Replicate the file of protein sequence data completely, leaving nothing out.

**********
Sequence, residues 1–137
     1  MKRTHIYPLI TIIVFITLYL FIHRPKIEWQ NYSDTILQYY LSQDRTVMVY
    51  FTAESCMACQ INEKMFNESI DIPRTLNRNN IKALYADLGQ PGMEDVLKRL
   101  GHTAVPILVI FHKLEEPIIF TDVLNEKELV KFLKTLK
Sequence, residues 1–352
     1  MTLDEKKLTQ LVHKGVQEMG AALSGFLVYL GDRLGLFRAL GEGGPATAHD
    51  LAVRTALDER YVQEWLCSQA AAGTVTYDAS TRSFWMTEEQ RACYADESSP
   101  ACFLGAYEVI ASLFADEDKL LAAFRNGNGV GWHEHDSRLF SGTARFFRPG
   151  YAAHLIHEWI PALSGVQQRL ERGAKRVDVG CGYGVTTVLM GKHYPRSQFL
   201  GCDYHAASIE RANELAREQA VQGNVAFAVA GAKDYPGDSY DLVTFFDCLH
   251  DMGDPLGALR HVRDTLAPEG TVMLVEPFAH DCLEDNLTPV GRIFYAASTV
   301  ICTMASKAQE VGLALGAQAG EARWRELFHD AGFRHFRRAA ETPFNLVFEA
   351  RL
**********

Sequence, residues 1–137
     1  MKRTHIYPLI TIIVFITLYL FIHRPKIEWQ NYSDTILQYY LSQDRTVMVY
    51  FTAESCMACQ INEKMFNESI DIPRTLNRNN IKALYADLGQ PGMEDVLKRL
   101  GHTAVPILVI FHKLEEPIIF TDVLNEKELV KFLKTLK
Sequence, residues 1–352
     1  MTLDEKKLTQ LVHKGVQEMG AALSGFLVYL GDRLGLFRAL GEGGPATAHD
    51  LAVRTALDER YVQEWLCSQA AAGTVTYDAS TRSFWMTEEQ RACYADESSP
   101  ACFLGAYEVI ASLFADEDKL LAAFRNGNGV GWHEHDSRLF SGTARFFRPG
   151  YAAHLIHEWI PALSGVQQRL ERGAKRVDVG CGYGVTTVLM GKHYPRSQFL
   201  GCDYHAASIE RANELAREQA VQGNVAFAVA GAKDYPGDSY DLVTFFDCLH
   251  DMGDPLGALR HVRDTLAPEG TVMLVEPFAH DCLEDNLTPV GRIFYAASTV
   301  ICTMASKAQE VGLALGAQAG EARWRELFHD AGFRHFRRAA ETPFNLVFEA
   351  RL